By Harihar Swarup
Since his 3,506-km Bharat Jodo Yatra ended on January 30 in Srinagar, it is time to assess its impact. Rahul Gandhi has shown incredible stamina, a will to complete what he embarked on, instead of, running abroad halfway—which he was known for. The Yatra also showed another side of the usually inaccessible Rahul—even his colleagues used to complain about his lack of accessibility—putting an arm around an old woman, embracing the young, hoisting a child on his shoulders and agreeing to take selfies with countless others and, above all, discuss live issues with groups in the course of the Yatra.
Rahul the reluctant politician, had receded. The response to him has made Rahul the unchallenged leader of the Congress once again.. But there is a flip side to this story and thi is mentioned privately by the senior Congress leaders who accompanies Rahul in the Yatra.
Legitimizing Rahul’s leadership will enable him to continue to take decisions from behind the scenes, like he did earlier, without having to come up front. And this time, criticism of him, even if unwarranted, will become that much more difficult.
Today, the responsibility officially rests with the new party chief Mallikarjun Kharge, who will be called now to translate the goodwill generated by the Yatra into votes, but without a free hand to take decisions.
While Rahul reached out to the media through press conferences during the Yatra, his ”bhshaka Lafda” (in the words of an Ujjain priest) is still dreaded by party men.
His words that “Rahul Gandhi mar gaya”, “Rahul Gandhi aap ke dimag mein hai” was a case in point. It showed an ability to communicate what he wanted to say: he came across as less than politically savvy.
Rahul Gandhi has brought ideology back into political discourse. But his remark that he would rather get “behead” than go to RSS office was a strange formulation for a leader who was throwing flying kisses at the BJP workers that ‘main nafrat ke bazaar me mohabbat ki dukan khol rah hoon”. Or paying homage to Atal Behari Vajpayee at his Samadhi in what was brilliant stroke to come across an inclusive, or meeting sants in Ayodhya. All meant to signal that there can be sharp differences in politics but there no place for enmity.
Clearly, the Congress cannot become a player unless it can capture the middle — ground again. One of the things the party has not been able to do is to figure out how to address the concerns of the Hindus.
The moot question at the end of yatra is this: Has Rahul Gandhi not only enthused the Congress supporters or has he won over some of those who were on the BJP side? Has he been forced fence-sitters to rethink about Modi and the BJP?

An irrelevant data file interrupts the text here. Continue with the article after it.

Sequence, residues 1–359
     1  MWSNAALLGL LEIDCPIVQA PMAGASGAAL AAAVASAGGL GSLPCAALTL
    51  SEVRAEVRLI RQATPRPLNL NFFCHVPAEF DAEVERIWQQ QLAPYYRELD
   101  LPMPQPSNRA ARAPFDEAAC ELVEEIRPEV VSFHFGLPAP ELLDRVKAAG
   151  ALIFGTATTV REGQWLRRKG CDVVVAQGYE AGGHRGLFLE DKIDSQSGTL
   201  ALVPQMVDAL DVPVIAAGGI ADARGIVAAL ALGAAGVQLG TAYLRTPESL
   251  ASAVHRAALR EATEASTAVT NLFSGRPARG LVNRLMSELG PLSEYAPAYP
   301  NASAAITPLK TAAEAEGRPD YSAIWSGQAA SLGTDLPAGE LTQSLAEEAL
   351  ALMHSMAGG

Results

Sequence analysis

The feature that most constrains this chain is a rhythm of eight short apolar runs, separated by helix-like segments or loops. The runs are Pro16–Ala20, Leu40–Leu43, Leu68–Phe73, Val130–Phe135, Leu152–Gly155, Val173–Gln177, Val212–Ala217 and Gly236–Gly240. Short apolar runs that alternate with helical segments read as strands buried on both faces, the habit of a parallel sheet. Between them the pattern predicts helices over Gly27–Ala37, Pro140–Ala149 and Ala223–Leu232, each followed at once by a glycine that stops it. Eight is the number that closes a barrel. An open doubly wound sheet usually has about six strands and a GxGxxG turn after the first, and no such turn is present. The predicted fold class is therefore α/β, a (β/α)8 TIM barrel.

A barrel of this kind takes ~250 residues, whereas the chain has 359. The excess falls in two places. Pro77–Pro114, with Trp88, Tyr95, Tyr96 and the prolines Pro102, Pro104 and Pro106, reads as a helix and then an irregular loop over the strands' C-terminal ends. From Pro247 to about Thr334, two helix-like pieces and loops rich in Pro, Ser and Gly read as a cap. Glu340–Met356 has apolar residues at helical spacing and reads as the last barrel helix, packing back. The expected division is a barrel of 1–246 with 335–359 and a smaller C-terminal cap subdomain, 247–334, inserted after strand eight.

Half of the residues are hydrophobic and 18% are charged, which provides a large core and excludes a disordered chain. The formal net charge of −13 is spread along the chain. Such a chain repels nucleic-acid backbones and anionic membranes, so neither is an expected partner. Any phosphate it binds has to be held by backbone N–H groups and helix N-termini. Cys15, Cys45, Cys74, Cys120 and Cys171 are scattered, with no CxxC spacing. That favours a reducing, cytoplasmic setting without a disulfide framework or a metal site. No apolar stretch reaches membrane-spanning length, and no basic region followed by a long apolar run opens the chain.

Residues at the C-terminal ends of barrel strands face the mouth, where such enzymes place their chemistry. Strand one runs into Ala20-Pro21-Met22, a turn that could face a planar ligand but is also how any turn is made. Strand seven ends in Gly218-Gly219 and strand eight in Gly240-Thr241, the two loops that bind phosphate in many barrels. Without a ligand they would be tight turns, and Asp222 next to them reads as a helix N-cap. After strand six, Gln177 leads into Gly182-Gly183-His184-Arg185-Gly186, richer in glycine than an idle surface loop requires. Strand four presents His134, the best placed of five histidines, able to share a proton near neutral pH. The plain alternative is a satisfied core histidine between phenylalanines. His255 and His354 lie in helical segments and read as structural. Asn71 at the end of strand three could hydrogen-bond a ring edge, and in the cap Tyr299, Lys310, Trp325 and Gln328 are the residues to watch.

There are after all no permanent majorities in a democracy. Even in 2019, there were 120 million people who voted for the Congress. Did Rahul draw to his side people beyond the usual suspects — the left, liberal, pro-congress, and anti-Modi crowd? Yes, to enthuse your own demoralized base is no small achievement. But it is not adequate enough, enough.
The Congress has put into place follow-up to the BJY like the “haath ke saath jodo programme” which is being led by Priyanka Gandhi which the party will also try and build. She was portrayed as the architect of the Congress victory in Himachal Pradesh and is spearheading initiatives to win over the crucial women’s vote.
Rahul could have walked with 15 leaders of the Congress in every state he touched and show cased them as the future of the party. But he chose not to do this, keeping it a solo show. He has successfully rebranded his image, which appears to have been the purpose of the exercise. There’s nothing wrong with that. After all, the BJP’s machinery is constantly building up the Prime Minister Narendra Modi as a super icon.
Rahul Gandhi has all along let it be known that “I am what I am”. Take it or leave it. That is a stand an individual MP can take but not one who leads the party for all practical purposes.
Every step Rahul takes – and his decisions behind the scenes — has a bearing on the Congress. It is this contradiction the party had to live with in the past and will have to live with. In future.
Rahul Gandhi of 2023 has gathered goodwill, an asset which gets tucked away somewhere in people’s consciences, to be encashed at the appropriate moment. But it is unlikely to translate into votes unless Modi’s actions start to unite resentment and Rahul Gandhi starts to reconstruct the Congress Organization into a fighting machine for 2024. As of now, both look like long shots. (IPA Service)